WASHINGTON — Chief Justice John
Roberts, who has filled a secret court that oversees surveillance almost entirely with Republican-appointed judges, has named Judge José
Cabranes, a Democratic appointee, to the panel that hears rare appeals of the surveillance court’s rulings.
Although Cabranes was appointed to U.S. Court of Appeals for the 2nd Circuit by President Clinton, he is considered among the more conservative-leaning Democratic appointees on crime and security issues. In 2005, some supporters — including Michael Mukasey, who later became President George W. Bush’s attorney general — floated his name as a potential Supreme Court nominee.
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“Of the Democratic appointees, he is more of a centrist than most,” said Daniel Richman, a Columbia professor who specializes in criminal law.
Roberts appointed Cabranes, a member of the appeals court in New York, on Aug. 9, a court spokesman said, although it was not announced until Monday. His term expires in May 2020.
His appointment was announced as some lawmakers were working to change the Foreign Intelligence Surveillance Act, or FISA, which gives chief justices unilateral power to assign federal judges to the 11-member Foreign Intelligence Surveillance Court and its three-member review panel, to provide greater ideological balance.
The court hears arguments on surveillance matters from the Justice Department, with no opposing lawyers to offer contrary views or file appeals.
Roberts, more than his predecessors, has tended to assign judges who were appointed by a Republican, as he was, or executive-branch veterans like former prosecutors. Of the 14 judges on the FISA court or its review panel, two were Democratic appointees, and both are considered to be centrists or conservative-leaning.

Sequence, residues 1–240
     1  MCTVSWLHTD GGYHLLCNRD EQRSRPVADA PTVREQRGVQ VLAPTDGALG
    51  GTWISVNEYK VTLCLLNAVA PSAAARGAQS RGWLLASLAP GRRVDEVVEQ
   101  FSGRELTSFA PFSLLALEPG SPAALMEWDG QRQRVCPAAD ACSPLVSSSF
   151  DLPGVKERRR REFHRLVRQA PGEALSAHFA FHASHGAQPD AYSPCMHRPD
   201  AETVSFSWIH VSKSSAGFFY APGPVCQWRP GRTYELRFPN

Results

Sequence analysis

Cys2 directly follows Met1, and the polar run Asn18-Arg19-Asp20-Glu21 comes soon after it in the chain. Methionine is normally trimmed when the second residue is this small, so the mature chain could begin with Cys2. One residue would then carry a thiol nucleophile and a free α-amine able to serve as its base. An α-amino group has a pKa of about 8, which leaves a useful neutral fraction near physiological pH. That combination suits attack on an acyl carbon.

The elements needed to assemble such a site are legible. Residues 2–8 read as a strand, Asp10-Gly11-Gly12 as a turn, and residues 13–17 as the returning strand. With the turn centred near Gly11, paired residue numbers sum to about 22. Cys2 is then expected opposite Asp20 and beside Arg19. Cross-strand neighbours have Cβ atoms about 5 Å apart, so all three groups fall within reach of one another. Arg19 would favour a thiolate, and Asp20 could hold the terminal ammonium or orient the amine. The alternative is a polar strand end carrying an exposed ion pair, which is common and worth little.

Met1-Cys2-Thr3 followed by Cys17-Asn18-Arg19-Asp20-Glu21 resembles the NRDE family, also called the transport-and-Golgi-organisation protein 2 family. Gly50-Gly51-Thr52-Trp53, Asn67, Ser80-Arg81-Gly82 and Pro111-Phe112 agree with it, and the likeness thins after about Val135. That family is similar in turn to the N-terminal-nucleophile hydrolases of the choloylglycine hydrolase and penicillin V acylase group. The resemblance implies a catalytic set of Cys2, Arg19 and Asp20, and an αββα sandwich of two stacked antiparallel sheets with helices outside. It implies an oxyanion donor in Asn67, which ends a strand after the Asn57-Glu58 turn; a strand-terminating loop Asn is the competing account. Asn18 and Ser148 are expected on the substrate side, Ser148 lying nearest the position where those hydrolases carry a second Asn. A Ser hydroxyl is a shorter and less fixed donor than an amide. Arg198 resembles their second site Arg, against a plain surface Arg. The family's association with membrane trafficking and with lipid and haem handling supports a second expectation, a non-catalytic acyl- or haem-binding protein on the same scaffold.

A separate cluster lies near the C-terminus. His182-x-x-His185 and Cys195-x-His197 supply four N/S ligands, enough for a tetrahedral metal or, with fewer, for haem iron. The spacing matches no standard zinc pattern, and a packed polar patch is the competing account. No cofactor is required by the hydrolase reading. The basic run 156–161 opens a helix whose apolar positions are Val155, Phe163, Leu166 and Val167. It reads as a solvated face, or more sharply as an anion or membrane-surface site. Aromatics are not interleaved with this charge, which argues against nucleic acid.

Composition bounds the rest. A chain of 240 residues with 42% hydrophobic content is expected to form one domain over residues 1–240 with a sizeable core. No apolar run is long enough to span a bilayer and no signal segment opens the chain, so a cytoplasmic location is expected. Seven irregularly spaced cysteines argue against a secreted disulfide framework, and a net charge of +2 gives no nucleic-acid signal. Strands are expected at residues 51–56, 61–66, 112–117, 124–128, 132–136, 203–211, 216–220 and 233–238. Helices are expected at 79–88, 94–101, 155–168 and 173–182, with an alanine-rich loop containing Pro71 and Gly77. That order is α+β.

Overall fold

One was the favored choice of a Republican senator for a judgeship during a fight over nominations in Pennsylvania. The other was a career Justice Department official in the Reagan and first Bush administrations who urged the Supreme Court to overturn the 1973 Roe v. Wade abortion decision and to broaden exceptions to the Fourth Amendment warrant requirement.
Philip Heymann, a Harvard law professor and a deputy attorney general in the Clinton administration, criticized Roberts for not doing more to restore public trust in the FISA court process, which he said was crucial if secret intelligence operations are to have credibility.
Heymann declined to comment specifically on Cabranes, citing personal ties. But as a broader matter, he said, the best choices for “a court that is not trusted in general and that has an overwhelming conservative bias” would be liberals who are outspoken on privacy issues.
“The chief justice may not know it,” he said, “but his responsibility is to start to build up legitimate institutions in the area of intelligence gathering, and he can be credibly accused of having gone just the opposite direction over the years.”
Through a spokeswoman, Roberts declined to comment.
Cabranes, who has never served in the executive branch, is not a liberal counterweight to conservatives on privacy rights, legal experts said.